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New Jersey protest demands banks be held responsible for housing crisis

By David Hungerford |
April 18, 2010
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Irvington, NJ - The People’s Organization for Progress (POP) held a protest at the Irvington, New Jersey branch of Wachovia, a subsidiary of Wells Fargo, April 17. Irvington has been devastated by foreclosures, with many boarded-up houses on every residential block in town.

Protesters circled in front of the bank and spread out to surrounding corners to distribute fliers and talk to passersby. They chanted “No foreclosures! No evictions,” “You can’t rob the bank but the bank can rob you,” and the classic “No justice, no peace!”

An open letter of demands to John Stumpf, the CEO of Wells Fargo, and signed by POP Chairman Lawrence Hamm was given to the branch manager. The letter said the housing bubble was entirely caused by lending institutions. They must bear the costs of its consequences.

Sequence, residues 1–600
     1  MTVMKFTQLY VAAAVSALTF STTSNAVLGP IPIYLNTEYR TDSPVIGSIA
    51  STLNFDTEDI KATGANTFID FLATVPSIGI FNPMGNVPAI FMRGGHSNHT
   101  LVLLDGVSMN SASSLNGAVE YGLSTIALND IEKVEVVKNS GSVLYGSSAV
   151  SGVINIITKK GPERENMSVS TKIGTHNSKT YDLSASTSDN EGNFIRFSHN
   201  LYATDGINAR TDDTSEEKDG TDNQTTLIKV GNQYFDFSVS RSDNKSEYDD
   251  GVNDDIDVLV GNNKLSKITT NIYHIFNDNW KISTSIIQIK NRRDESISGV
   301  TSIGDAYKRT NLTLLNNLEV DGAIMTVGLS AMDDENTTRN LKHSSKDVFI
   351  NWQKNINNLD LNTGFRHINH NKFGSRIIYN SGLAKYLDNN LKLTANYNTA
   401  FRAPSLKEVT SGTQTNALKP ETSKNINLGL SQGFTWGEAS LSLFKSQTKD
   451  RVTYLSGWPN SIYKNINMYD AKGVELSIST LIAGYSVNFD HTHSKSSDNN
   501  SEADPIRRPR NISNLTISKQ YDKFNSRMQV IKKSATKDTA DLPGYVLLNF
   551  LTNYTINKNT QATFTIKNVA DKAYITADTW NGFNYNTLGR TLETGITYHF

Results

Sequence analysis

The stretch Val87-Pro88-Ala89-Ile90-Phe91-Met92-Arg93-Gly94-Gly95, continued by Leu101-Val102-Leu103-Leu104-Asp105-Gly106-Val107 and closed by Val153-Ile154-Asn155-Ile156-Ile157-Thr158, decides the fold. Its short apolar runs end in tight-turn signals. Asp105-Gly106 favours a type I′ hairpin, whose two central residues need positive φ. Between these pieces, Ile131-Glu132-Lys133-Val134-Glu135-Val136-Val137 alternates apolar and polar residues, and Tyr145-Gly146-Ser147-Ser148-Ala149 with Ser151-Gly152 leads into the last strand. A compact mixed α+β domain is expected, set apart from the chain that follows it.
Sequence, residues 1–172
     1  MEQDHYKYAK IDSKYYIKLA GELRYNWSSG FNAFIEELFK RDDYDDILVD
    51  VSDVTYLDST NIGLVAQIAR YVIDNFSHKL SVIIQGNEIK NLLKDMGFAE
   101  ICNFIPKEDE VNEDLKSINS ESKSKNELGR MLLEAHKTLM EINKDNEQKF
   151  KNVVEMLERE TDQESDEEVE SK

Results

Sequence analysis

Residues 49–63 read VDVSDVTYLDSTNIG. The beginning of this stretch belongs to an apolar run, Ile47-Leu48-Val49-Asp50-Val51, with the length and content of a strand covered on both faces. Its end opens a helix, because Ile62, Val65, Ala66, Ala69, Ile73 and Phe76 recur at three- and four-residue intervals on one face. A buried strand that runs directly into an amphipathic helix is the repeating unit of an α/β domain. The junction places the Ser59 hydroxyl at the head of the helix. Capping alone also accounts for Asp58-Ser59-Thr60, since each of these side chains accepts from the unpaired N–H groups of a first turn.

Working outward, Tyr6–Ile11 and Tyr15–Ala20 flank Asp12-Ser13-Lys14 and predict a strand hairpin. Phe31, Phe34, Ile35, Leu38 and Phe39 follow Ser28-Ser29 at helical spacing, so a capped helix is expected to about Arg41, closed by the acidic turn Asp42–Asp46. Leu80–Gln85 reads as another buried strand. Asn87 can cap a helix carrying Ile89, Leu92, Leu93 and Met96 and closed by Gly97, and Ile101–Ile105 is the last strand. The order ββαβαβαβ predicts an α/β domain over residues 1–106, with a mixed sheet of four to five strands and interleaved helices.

The letter said lenders manipulated the mortgage market to sell houses for more than their true market value. Therefore housing values must be written down to what the houses are actually worth. Bank have also hiked credit card rates and fees and charges of many kinds to pay for their losses in the housing bubble; therefore these rate hikes, charges and other abuses must be ended.

Chairman Hamm said Congress takes months to pass any measure that helps the people (like extension of unemployment benefits) and then needs a 900-page document to do it. When Congress bailed out the banks with a $700 billion line of credit under TARP, on the other hand, it took three days and a twelve-page document. He charges Wachovia and Wells Fargo with having particular responsibility for having entrapped African-American and Latino borrowers in subprime mortgages that started off with low interest rates but soon rose as high as 15%, causing huge numbers of foreclosures.

POP members handed out hundreds of fliers to notify people of the upcoming May 22 march against foreclosure and homelessness in nearby Newark. The struggle continues!

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